The downside to a PoE switch is that it’s only one device. If that’s the case and something goes wrong, production could be down for all the PoE devices attached to that PoE switch. A PoE injector, on the other hand, can be replaced easily.

Although an injector has many advantages over a switch, switches are recommended for larger networks with more complex setups.


Power over Ethernet (PoE) switches and injectors each have their own advantages and disadvantages, but they are each designed to solve different problems. When deciding between a switch and an injector, it is important to consider what you need. For instance, a switch would be a great solution for someone who needs to cover a large area with attached devices, whereas an injector is perfect for one or two devices that would need power separately from the network. You should also make sure your device supports PoE before connecting it to a PoE-enabled network, otherwise, you need to add a PoE splitter before your device to separate the power from data.

Do I Need a Managed PoE Switch to Set up a Home or Business Network?

Using a managed PoE switch can be a great way to get the most out of your network. A managed PoE switch gives you more control over your network by allowing you to configure settings and create different rules. This type of switch can come in handy if you want to optimize your network for specific applications or prioritize certain devices.

What Is a Managed PoE Switch?

A Managed PoE switch allows network administrators to use a graphic user interface or command line to manage and configure local area network settings. A managed PoE switch is designed for simple and straightforward configuration of network devices as well as monitoring common network tasks. Compared with an unmanaged switch, a managed switch offers enhanced features that make troubleshooting, monitoring and controlling the performance of the local area network more streamlined and efficient. The added features can help professional network administrators maintain the integrity of their local area networks efficiently without any major setbacks.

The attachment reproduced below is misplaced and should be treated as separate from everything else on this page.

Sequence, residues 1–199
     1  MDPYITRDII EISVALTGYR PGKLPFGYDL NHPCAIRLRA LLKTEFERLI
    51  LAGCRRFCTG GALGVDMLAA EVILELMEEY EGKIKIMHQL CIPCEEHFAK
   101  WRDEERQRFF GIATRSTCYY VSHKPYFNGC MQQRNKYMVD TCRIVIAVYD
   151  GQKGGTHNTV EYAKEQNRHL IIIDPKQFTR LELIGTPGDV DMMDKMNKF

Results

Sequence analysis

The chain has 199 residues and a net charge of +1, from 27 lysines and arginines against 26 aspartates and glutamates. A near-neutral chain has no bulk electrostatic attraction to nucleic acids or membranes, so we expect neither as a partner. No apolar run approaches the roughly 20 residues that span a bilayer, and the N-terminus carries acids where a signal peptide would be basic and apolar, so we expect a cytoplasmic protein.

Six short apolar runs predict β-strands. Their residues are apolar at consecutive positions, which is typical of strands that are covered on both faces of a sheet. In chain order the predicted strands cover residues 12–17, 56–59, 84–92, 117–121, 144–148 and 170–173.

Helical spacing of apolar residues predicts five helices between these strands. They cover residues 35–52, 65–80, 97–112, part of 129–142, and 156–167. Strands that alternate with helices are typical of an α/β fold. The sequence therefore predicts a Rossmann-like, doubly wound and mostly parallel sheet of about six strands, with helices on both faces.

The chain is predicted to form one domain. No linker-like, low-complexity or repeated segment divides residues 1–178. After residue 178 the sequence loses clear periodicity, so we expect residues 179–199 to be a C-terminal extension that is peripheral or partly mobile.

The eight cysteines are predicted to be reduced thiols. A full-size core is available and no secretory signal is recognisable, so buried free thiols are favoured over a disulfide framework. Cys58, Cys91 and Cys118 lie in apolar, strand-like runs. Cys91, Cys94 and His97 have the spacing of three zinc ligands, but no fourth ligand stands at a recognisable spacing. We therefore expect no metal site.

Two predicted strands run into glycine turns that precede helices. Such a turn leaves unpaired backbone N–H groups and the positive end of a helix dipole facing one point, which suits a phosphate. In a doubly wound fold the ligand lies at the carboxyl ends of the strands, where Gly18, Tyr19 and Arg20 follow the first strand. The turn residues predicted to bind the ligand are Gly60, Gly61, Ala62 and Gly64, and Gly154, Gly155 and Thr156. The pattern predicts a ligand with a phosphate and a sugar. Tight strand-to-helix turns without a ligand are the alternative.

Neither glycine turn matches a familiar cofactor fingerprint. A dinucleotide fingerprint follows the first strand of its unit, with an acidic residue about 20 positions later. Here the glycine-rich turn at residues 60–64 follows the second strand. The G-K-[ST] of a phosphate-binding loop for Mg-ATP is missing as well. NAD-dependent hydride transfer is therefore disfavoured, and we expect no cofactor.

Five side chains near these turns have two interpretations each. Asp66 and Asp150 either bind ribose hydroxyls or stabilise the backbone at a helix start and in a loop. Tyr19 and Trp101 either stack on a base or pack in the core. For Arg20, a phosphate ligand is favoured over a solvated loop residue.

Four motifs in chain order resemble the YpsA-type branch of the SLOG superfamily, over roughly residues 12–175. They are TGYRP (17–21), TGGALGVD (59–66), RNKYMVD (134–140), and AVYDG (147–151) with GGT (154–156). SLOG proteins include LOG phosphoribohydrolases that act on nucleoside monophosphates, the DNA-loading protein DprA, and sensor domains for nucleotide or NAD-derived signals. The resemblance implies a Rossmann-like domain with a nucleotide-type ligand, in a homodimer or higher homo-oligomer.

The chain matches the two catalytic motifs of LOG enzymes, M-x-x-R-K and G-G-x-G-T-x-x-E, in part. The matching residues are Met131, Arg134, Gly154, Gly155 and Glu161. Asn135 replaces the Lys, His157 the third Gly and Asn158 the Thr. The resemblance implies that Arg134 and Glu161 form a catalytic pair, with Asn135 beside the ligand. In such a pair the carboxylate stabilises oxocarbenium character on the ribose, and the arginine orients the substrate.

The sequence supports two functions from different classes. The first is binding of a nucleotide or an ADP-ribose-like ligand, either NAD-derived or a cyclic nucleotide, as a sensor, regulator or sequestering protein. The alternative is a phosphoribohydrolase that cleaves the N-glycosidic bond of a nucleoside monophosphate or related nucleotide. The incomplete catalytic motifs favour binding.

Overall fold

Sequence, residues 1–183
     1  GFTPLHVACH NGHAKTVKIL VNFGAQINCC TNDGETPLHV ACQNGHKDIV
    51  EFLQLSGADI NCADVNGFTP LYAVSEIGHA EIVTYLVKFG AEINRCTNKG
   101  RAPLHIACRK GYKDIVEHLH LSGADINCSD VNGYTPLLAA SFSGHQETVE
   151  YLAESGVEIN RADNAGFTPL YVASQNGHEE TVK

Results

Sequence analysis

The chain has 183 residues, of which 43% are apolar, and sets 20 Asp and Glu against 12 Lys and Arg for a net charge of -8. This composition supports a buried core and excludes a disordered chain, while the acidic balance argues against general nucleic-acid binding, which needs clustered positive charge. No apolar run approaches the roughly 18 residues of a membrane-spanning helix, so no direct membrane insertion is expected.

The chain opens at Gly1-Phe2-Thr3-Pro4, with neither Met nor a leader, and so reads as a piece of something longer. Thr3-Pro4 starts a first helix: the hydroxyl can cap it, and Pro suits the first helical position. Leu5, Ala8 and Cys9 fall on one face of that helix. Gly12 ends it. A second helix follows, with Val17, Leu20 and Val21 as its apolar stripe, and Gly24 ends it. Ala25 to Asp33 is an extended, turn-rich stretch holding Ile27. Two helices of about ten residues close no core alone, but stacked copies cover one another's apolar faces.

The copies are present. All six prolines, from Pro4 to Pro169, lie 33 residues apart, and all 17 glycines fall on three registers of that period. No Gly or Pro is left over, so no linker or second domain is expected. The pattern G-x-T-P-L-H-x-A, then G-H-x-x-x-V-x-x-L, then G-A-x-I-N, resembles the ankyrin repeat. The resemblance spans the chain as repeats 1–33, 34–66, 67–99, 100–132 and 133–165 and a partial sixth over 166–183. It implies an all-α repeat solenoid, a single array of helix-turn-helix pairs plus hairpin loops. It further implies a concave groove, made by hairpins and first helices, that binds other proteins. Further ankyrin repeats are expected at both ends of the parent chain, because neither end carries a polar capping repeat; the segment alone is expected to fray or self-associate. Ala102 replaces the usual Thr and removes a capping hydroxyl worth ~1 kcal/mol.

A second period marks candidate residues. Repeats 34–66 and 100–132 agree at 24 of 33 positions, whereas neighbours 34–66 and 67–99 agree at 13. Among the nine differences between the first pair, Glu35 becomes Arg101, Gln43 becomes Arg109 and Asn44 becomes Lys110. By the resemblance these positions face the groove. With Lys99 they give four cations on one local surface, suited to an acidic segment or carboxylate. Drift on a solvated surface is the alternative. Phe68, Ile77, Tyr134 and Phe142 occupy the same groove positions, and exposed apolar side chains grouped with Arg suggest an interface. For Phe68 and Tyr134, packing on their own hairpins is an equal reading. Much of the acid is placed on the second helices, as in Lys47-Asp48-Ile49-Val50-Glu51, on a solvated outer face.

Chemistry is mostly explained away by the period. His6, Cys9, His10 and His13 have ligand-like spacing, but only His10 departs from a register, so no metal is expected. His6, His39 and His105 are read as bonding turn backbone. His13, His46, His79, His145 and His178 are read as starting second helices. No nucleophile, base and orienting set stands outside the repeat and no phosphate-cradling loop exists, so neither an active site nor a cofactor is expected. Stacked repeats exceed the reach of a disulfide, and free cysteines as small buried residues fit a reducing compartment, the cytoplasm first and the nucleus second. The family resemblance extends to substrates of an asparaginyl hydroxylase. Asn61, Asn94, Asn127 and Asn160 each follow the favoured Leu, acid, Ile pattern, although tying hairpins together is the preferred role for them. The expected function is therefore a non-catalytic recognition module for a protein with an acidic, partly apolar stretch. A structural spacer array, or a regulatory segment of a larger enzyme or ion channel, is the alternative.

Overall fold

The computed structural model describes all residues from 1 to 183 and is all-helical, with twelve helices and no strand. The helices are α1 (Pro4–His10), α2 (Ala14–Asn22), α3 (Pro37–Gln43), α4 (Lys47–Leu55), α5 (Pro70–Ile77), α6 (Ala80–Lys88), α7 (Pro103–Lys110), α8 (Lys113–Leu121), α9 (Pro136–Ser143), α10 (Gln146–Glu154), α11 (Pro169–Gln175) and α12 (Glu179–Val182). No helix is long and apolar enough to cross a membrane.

Features of Managed Switches for Your Business Network

Internet Group Management Protocol (IGMP) Snooping

IGMP Snooping is a method of reducing unnecessary multicast traffic. It works by controlling the multicast traffic on a managed switch and filtering the traffic downstream.

Virtual Local Area Networks (VLANs)

In order to reduce unnecessary traffic, network administrators can group devices together with Virtual Local Area Networks. Virtual Local Area Networks allow for additional security measures to be applied to network communications, and some have the ability to improve management capacity.

Quality of Service (QoS)

The Quality of Service (QoS) feature on a managed PoE switch allows you to prioritize different types of network traffic, and manage the available bandwidth in your network. It does this by giving devices with more packets of data more bandwidth. A typical use for this is prioritizing traffic between two devices that frequently exchange data.